The first recorded same-sex marriage occurred in ancient Rome between two men, according to the Roman historian Livy. However, same-sex marriage as it is understood today did not become legally recognized until much later.
The first country to legalize same-sex marriage was the Netherlands, which did so in 2001. The first legal same-sex marriage in the Netherlands took place on April 1, 2001, between Willem van Konijnenburg and his partner, Michael Kooiman.
Since the legalization of same-sex marriage in the Netherlands, many other countries around the world have also legalized it. Some of the first countries to follow the Netherlands in legalizing same-sex marriage include Belgium, Spain, Canada, South Africa, and Norway.
The United States has a more complicated history with regards to same-sex marriage. In 1996, the Defense of Marriage Act (DOMA) was passed, which defined marriage as a union between a man and a woman for the purposes of federal law. However, in 2015, the Supreme Court of the United States ruled in the case of Obergefell v. Hodges that the Constitution guarantees the right to same-sex marriage, effectively striking down DOMA and making same-sex marriage legal throughout the United States.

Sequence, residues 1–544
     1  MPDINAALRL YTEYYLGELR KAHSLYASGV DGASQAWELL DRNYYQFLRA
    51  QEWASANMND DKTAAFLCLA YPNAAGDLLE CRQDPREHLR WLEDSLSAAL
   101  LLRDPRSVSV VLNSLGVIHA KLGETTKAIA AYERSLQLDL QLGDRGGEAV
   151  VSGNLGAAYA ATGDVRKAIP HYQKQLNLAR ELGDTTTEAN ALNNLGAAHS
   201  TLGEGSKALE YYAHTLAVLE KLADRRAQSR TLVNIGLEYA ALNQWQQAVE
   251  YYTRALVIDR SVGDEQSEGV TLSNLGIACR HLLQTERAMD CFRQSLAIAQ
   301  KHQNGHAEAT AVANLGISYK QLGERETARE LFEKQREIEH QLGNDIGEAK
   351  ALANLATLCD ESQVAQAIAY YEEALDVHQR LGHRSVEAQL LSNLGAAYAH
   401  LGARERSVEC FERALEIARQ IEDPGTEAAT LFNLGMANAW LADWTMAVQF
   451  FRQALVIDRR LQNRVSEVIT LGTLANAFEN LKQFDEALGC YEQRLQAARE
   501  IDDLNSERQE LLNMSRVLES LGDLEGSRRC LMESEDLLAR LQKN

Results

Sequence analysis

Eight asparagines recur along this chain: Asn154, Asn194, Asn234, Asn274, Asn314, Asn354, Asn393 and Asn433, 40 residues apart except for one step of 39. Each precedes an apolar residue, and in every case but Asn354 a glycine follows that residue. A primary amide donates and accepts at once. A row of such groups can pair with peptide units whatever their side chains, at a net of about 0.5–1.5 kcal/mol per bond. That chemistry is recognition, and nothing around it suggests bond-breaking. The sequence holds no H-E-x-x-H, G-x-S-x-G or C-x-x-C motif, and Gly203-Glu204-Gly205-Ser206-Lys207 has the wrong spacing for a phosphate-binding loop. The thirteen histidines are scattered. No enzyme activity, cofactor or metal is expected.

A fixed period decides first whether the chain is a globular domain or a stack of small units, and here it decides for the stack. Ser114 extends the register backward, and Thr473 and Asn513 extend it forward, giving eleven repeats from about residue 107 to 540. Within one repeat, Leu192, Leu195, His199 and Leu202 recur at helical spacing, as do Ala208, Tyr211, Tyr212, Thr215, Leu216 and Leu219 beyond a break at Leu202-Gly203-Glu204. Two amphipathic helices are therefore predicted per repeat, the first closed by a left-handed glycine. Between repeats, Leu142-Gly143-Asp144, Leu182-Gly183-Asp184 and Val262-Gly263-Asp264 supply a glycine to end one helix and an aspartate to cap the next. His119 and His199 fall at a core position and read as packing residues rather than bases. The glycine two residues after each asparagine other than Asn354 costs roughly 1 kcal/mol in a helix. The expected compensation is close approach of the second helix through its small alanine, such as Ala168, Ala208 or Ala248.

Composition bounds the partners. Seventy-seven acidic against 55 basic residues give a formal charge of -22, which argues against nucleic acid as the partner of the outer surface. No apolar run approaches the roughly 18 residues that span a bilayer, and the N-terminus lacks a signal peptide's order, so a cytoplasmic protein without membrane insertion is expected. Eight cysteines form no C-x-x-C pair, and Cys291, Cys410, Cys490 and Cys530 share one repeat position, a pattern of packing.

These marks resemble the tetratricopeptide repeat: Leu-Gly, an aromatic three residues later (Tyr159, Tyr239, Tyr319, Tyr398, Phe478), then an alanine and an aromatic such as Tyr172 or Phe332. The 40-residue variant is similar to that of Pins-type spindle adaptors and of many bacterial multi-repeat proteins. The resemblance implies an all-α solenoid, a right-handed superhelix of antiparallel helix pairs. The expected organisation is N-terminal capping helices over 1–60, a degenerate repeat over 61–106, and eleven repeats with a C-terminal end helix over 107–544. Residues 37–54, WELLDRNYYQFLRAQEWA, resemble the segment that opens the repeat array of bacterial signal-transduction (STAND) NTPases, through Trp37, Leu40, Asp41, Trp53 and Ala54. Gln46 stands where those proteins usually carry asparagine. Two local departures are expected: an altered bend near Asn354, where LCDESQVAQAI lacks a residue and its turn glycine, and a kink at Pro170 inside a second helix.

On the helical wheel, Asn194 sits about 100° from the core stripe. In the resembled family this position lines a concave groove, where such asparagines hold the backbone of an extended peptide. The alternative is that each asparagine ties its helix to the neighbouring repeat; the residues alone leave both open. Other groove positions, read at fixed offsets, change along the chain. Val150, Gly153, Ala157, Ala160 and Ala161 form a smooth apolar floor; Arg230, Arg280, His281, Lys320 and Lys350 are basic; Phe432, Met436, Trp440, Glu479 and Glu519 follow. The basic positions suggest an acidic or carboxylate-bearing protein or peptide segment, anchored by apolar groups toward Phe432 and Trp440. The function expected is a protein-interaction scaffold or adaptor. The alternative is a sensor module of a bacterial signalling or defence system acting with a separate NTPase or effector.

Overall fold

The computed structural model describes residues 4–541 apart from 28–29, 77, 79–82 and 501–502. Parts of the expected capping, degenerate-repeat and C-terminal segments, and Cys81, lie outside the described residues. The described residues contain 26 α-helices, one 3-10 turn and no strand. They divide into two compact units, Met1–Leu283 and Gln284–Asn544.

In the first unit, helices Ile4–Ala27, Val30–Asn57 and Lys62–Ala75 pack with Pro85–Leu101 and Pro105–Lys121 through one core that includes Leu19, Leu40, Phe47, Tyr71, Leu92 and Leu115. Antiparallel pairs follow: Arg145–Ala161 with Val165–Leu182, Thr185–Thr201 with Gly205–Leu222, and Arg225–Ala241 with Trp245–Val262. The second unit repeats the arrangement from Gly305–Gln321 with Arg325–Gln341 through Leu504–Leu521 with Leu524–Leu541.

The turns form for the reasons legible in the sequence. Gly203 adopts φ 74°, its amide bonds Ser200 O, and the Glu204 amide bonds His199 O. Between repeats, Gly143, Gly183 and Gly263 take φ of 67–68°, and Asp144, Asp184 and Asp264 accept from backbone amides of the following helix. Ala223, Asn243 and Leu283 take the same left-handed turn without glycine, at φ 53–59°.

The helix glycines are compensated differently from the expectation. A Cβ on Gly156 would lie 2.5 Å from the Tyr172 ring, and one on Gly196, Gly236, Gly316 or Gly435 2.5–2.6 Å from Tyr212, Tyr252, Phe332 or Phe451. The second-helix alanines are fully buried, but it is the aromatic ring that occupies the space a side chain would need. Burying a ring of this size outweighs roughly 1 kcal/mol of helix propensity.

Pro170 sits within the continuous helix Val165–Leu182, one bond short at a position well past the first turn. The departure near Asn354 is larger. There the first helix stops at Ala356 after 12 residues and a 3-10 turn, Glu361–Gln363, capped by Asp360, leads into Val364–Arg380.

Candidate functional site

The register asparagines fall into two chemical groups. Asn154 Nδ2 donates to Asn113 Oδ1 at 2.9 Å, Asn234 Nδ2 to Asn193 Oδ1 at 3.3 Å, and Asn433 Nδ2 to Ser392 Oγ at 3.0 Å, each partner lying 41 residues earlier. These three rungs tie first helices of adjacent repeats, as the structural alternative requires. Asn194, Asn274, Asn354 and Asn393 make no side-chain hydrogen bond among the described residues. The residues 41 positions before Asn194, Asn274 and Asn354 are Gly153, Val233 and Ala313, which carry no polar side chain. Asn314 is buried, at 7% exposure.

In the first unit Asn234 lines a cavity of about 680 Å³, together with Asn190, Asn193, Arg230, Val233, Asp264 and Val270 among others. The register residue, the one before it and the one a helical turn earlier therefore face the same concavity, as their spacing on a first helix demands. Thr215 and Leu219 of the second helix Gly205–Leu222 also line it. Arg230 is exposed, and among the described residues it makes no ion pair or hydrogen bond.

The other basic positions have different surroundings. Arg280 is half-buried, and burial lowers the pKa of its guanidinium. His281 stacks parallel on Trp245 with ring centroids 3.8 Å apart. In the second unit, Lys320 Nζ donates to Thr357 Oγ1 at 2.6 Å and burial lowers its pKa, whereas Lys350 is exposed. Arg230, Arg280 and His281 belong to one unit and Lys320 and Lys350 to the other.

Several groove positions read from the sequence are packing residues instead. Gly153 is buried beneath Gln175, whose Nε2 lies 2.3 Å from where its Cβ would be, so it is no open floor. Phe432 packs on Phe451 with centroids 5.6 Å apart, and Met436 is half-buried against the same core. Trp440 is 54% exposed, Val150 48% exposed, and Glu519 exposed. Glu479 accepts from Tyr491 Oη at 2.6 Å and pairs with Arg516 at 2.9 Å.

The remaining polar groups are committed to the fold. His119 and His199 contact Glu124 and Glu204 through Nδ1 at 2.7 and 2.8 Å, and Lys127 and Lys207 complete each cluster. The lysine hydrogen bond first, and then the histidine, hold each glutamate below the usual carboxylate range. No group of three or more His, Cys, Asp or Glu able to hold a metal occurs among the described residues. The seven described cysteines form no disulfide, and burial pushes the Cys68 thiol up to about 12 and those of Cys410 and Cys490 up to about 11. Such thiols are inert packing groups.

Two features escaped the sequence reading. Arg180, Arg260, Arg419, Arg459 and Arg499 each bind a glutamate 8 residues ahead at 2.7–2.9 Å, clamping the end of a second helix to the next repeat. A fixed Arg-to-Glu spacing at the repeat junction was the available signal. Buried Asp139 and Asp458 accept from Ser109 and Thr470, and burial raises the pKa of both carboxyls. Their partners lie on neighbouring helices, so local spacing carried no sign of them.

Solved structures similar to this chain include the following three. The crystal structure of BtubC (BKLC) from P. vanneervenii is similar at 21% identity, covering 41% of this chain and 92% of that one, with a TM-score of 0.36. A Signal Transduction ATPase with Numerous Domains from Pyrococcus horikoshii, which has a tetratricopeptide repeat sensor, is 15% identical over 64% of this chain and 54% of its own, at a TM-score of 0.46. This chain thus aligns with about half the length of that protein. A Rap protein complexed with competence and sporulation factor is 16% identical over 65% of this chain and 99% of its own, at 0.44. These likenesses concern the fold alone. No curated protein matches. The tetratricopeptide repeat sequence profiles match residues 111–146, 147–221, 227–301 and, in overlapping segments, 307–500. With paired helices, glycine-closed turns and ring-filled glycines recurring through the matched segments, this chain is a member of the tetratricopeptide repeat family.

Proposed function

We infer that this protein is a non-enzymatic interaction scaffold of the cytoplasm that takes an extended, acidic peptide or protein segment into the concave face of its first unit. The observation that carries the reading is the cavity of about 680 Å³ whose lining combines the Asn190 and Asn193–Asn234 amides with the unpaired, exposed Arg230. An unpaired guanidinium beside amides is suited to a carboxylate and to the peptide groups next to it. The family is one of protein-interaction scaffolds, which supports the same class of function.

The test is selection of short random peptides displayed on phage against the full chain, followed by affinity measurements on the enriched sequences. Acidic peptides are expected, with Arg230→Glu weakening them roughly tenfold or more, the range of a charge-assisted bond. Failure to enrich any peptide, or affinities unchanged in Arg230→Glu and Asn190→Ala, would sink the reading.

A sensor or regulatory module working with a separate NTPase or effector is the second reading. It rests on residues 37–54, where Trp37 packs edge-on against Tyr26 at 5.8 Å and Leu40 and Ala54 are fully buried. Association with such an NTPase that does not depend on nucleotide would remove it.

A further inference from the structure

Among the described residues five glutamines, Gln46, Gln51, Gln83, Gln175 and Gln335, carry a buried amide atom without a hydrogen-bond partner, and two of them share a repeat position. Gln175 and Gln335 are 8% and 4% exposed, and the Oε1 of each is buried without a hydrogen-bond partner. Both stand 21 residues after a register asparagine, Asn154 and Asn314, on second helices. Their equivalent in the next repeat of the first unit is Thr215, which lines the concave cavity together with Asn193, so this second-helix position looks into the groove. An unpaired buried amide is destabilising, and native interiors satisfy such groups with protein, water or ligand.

Today, same-sex marriage is legal in over 20 countries around the world, and it continues to be a topic of debate and controversy in many others. Despite the progress that has been made in the recognition of same-sex marriage, there is still a long way to go in terms of ensuring full equality and acceptance for LGBTI+ individuals around the world.